Spotlight on Laura Harling
Dec 28, 2018 05:14PM
Award-winning sculptor Laura Harling specializes in works of political and social satire. Using a variety of materials—toothpicks, broom straw, coat hangers, and even human hair—she creates prominent figures of government officials, current and past presidents, and famous icons like Elvis, Princess Diana, and Oprah Winfrey. The artist gains inspiration for her intricate sculptures from a lifelong interest in news and politics, as well as a varied work history. Growing up in nearby Woodland, Harling has called El Dorado Hills home for the past 42 years and loves the area’s natural beauty and thriving art culture. Her words of wisdom for aspiring artists? “Just do it, keep doing it, and have fun.”
HLB: You've had quite the professional background. How did you discover your artistic calling?
LH: I started out making mud sculptures as a child and have sculpted in many mediums since. After getting a degree in fine art and a teaching credential from Sacramento State, I honed my skills using a variety of techniques and materials. My various jobs—blackjack dealer, high-rise window cleaner, janitor, clerk, dispatcher, and teacher for the California Department of Corrections and Rehabilitation—allowed me to meet many different kinds of people and offered inspiration for my art.
HLB: What is it about sculpting that captures your interest most?
LH: I love working with my hands, the 3D nature of the medium, and how you can walk around a sculpture.
HLB: What political and social change or conversation do you hope your work contributes to?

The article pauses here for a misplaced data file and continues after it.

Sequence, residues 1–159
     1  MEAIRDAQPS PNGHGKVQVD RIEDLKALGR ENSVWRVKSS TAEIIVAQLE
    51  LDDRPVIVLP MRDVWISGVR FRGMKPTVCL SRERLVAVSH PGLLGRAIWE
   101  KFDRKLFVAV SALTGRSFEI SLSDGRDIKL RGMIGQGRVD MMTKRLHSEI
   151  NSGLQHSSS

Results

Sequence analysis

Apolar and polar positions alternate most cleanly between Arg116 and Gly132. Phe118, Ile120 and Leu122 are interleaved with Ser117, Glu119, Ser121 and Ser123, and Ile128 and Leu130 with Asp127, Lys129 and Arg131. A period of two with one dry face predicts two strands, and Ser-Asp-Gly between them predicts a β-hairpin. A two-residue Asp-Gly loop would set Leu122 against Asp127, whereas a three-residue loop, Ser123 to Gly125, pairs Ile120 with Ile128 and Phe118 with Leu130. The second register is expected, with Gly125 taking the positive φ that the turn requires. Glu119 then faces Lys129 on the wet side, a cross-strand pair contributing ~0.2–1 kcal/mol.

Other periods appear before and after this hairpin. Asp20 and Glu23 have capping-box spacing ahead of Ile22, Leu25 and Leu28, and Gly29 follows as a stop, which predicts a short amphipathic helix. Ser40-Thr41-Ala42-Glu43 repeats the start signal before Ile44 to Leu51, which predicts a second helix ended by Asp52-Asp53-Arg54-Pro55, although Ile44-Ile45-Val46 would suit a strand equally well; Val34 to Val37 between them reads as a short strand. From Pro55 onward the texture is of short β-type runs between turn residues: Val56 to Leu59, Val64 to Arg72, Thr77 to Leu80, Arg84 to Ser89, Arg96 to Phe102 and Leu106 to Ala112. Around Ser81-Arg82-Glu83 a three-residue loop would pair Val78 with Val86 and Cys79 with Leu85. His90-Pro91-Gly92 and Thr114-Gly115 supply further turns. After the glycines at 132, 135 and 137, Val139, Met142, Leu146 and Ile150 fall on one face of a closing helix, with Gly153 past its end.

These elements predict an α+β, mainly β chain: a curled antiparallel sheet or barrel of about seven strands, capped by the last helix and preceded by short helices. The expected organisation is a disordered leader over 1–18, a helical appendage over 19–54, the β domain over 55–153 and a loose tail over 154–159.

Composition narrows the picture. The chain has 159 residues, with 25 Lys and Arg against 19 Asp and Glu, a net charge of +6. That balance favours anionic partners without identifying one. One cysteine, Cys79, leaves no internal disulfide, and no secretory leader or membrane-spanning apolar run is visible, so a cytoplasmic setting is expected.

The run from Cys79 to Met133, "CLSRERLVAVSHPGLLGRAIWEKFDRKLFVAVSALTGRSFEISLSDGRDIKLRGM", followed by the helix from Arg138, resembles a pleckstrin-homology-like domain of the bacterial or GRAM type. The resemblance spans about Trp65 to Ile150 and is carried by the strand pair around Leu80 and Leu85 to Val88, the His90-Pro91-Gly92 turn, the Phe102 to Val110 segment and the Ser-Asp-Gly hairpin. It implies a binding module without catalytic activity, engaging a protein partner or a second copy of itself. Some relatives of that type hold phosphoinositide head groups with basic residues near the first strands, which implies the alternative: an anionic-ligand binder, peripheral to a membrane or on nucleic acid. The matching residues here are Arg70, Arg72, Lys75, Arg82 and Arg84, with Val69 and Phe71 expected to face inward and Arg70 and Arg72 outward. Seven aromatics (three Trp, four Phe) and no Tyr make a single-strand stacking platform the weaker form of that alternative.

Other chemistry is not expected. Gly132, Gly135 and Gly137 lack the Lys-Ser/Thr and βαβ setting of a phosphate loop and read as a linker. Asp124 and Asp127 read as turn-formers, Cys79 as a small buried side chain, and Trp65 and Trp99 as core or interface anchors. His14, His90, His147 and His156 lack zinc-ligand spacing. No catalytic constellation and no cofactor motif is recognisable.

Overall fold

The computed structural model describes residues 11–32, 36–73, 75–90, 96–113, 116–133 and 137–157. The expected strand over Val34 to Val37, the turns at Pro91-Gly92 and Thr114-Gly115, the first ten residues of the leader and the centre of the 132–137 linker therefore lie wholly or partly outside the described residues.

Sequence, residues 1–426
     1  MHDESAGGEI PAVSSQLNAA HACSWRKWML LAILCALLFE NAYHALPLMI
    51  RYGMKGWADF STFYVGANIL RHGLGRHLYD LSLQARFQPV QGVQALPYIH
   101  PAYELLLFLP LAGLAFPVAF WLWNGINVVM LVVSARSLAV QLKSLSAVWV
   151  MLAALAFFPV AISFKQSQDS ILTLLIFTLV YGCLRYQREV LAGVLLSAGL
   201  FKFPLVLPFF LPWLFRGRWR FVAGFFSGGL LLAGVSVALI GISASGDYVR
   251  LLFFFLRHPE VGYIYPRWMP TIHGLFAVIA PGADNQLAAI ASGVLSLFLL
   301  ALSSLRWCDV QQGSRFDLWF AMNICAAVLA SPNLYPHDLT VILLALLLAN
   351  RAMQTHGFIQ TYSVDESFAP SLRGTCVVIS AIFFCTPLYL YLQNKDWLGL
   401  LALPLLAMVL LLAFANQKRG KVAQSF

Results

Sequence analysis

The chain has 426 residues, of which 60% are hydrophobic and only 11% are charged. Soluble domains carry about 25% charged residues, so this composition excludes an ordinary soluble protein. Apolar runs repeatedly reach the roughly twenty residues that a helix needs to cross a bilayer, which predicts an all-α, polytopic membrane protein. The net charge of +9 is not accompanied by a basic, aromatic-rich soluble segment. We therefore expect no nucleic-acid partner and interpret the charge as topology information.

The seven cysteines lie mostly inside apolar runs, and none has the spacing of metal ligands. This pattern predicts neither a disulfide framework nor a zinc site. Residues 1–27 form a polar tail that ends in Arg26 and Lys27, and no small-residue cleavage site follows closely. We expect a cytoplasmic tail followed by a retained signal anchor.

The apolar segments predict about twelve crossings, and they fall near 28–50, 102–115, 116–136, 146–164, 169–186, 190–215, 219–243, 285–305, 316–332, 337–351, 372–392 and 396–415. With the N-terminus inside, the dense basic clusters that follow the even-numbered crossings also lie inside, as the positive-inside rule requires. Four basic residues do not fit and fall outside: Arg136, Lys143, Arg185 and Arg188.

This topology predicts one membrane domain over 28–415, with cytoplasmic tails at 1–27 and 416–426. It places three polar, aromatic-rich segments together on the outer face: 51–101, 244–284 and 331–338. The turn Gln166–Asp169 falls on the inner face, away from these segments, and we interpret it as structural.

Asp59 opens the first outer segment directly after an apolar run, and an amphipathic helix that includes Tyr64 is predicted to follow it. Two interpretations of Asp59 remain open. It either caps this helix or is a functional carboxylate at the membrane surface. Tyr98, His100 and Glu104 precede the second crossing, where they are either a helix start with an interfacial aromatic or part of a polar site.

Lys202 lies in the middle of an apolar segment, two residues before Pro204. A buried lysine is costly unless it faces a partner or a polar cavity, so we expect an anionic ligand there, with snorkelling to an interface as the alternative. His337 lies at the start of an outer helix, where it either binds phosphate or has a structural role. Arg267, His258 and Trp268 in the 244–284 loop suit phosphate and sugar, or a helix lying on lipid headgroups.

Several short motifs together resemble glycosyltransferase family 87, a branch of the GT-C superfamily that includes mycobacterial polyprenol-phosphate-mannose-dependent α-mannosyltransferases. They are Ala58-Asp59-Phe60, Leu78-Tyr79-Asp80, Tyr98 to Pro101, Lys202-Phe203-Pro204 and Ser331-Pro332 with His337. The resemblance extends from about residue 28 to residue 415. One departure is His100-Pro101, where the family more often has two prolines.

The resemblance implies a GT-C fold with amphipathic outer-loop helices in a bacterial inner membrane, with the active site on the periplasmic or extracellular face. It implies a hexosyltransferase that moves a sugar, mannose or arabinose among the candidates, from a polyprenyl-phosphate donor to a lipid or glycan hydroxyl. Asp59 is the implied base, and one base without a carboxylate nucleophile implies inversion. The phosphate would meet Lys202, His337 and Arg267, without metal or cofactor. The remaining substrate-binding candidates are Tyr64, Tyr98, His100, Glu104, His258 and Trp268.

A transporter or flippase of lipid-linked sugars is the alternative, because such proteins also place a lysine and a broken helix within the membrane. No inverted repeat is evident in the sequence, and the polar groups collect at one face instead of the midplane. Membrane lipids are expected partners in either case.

LH: My parents were involved in politics and got me interested. As a state janitor, I cleaned Governor Jerry Brown’s apartment. Observing his ascetic lifestyle inspired me to create my first political sculpture. I like to hope that my sculptures make people stop and think about our society and the way we treat each other and the environment.
HLB: In your opinion, why is art so valuable and necessary, especially in today’s world?
LH: Americans today seem to have very rigidly defined mindsets. I believe art can help people be more open-minded and make them feel better. When people feel better, they act better.
HLB: How do you overcome artist’s block?
LH: I watch the news, visit art galleries and museums, and travel.
HLB: What is one of your favorite pieces and why?
LH: I’ve refined my techniques over the years and seem to like the most recent one the best—Gavin Takes a Selfie. I’m also fond of my sculptures of Jerry Brown. Overall, I like the pieces that make me smile.
HLB: What’s in store for the future?
LH: I want to continue sculpting for as long as I can and have a show for all of my 50-plus pieces.
by HEATHER L. BECKER
"High Speed Jerry" photos by Dante Fontana. Bottom three artwork images courtesy of Laura Harling.